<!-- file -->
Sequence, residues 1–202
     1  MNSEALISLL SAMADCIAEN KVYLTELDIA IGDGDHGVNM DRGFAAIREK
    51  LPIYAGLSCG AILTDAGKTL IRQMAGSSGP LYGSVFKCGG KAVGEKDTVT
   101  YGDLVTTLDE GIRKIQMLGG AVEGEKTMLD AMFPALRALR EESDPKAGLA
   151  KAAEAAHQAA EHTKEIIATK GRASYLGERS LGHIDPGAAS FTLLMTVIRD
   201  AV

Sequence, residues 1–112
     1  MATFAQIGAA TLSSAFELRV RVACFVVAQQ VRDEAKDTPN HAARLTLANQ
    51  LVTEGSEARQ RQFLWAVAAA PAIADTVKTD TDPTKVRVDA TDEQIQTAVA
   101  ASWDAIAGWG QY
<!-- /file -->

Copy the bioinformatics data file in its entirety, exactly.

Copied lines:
Sequence, residues 1–202
     1  MNSEALISLL SAMADCIAEN KVYLTELDIA IGDGDHGVNM DRGFAAIREK
    51  LPIYAGLSCG AILTDAGKTL IRQMAGSSGP LYGSVFKCGG KAVGEKDTVT
   101  YGDLVTTLDE GIRKIQMLGG AVEGEKTMLD AMFPALRALR EESDPKAGLA
   151  KAAEAAHQAA EHTKEIIATK GRASYLGERS LGHIDPGAAS FTLLMTVIRD
   201  AV

Sequence, residues 1–112
     1  MATFAQIGAA TLSSAFELRV RVACFVVAQQ VRDEAKDTPN HAARLTLANQ
    51  LVTEGSEARQ RQFLWAVAAA PAIADTVKTD TDPTKVRVDA TDEQIQTAVA
   101  ASWDAIAGWG QY